My English Teacher is a Clown

“No, really. He’s a clown.”


Courtesy of Jonathan Holmes

Tyrone high school alum and current sophomore English teacher Jonathan Holmes alter-ego for the past eight years is Darby the Jaffa Calliope Clown. Here he is seen at a recent parade in Tyrone.

Most days Tyrone alum and current TAHS teacher Jonathon Holmes presents as your typical high school English teacher. His students describe him as intelligent, funny, and helpful.

But several times a year Holmes becomes hilarious. Because he’s a clown.

Literally, Mr. Holmes is a clown.

Holmes has been a Jaffa Shriner for nearly 10 years, and a member of the Jaffa Calliope Clowns for the past eight years.

His clown name is Darby, so if you see him this weekend at the annual Jaffa Shrine Circus, be sure to address him properly, because he will only respond to Darby.

Darby the clown in Tyrone
Darby in Tyrone at a recent parade. (Courtesy of Jonathan Holmes)

Holmes said that as a child he would dream of running away to join the circus as a trapeze artist.

“But as I grew up and realized how unathletic I was, that dream changed. When I decided to join the Jaffa Shriners, I knew at once that I wanted to join the clown unit,” said Holmes.

His clown name was inspired both by his own Irish heritage and the movie Darby O’Gill and the Little People, one of his favorite childhood films. Holmes thought of the leprechauns because of their mischievous nature in the tales and folklore.

Holmes has performed as Darby at events and parades across the region, and circuses in Harrisburg, Pittsburgh, and Altoona.

“The best moments are when you hear and see the kids getting excited to see you each time, remembering who you are, finding you in a parade or circus to get their picture taken with you each year,” said Holmes.

The thing Holmes enjoys the most about being Darby the Clown is the joy that he can bring to children and adults alike.

“Each smile on the face of a child, or anyone really, each laugh is a memory that reminds me why I do what I do – to help people to forget, even momentarily, all the unpleasantness in their lives. Our world is sad enough. We need more moments where we can smile and laugh, and if Darby can lend a hand to make that happen more often, it’s a good thing that he has two hands.”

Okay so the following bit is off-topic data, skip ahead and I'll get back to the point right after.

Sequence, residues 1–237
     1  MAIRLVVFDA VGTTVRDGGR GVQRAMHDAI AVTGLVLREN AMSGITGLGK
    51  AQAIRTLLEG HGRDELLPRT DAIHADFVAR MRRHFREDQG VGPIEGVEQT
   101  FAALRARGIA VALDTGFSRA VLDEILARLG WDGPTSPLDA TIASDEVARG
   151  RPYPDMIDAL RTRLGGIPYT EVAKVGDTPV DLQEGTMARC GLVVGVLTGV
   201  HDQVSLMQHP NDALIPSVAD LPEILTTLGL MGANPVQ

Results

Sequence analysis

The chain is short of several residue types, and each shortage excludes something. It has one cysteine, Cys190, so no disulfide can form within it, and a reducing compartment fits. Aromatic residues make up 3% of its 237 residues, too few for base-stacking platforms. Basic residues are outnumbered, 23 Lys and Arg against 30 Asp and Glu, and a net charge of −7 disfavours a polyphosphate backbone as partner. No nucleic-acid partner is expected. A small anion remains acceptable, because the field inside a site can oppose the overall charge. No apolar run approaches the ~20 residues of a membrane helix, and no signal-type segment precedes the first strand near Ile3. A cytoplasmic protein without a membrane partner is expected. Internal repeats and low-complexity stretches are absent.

According to Holmes, there are a few things to learn before becoming a clown but there isn’t much to it if you are generally an outgoing person.

“To be an everyday sort of clown, you just need a smile and a desire to make kids and people happy,” said Holmes.

Of course, to be a clown you must look like a clown, so the costume is a big part of it.

“Clown costumes can be extremely expensive,” said Holmes, “A typical pair of clown shoes can cost anywhere from $150 to over $600. A custom-made outfit, you’re looking anywhere from $120 to $300.”

So Holmes took a different approach.

He said most of Darby’s clothes came from Goodwill and the Salvation Army. With a little help from his wife, Kim, the costume came together quickly.

In addition to her help with the costume, his wife and family have been very supportive of his alter-ego.

Each smile on the face of a child, or anyone really, each laugh is a memory that reminds me why I do what I do – to help people to forget, even momentarily, all the unpleasantness in their lives. Our world is sad enough.

“Mrs. Holmes will tell you that I’ve always been a clown, even before Darby. Her only reservation, in the beginning, was the cost of the costume and makeup. She’s my biggest supporter,” said Holmes.

His two boys love it too.

“At least once a year, my sons’ lives are literally a circus, and they look forward to it every single year. They can’t wait to go to the Jaffa and see the other clowns. They know all of the clowns’ names, they can twist balloons, and they wait up to hear about the parades, shows, and other events we do. It’s quite an adventure for the whole family,” said Holmes.

The annual Jaffa Shrine Circus is happening today through Sunday at the Jaffa Shrine in Altoona.

Holmes and the Calliope Clowns will perform two skits during the circus, and sign autographs in the circus program before the show and during intermission.

The circus supports the local Jaffa Shriners and Shriners International, an organization that provides state-of-the-art orthopedic, spine, burn, and other specialty care to children ages birth to 18, regardless of the family’s ability to pay.

“We’re a true non-profit, so everything we earn is put back into maintaining and upkeeping the building,” said Holmes.

Before COVID, the Jaffa had planned to update the air conditioning system and renovate its historic auditorium. When COVID hit, they had to cancel all events, which meant no income.

“We had to liquidate all of the funds we had allocated for these improvements just to keep the doors open and be able to support our Philadelphia and Erie hospitals. We need the community and financial support, and these larger events like the circus, the Outdoors Show, and Sportsman Raffle are the largest incomes to keep our facility running,” said Holmes.

For more information and performance times for the circus, click the link below: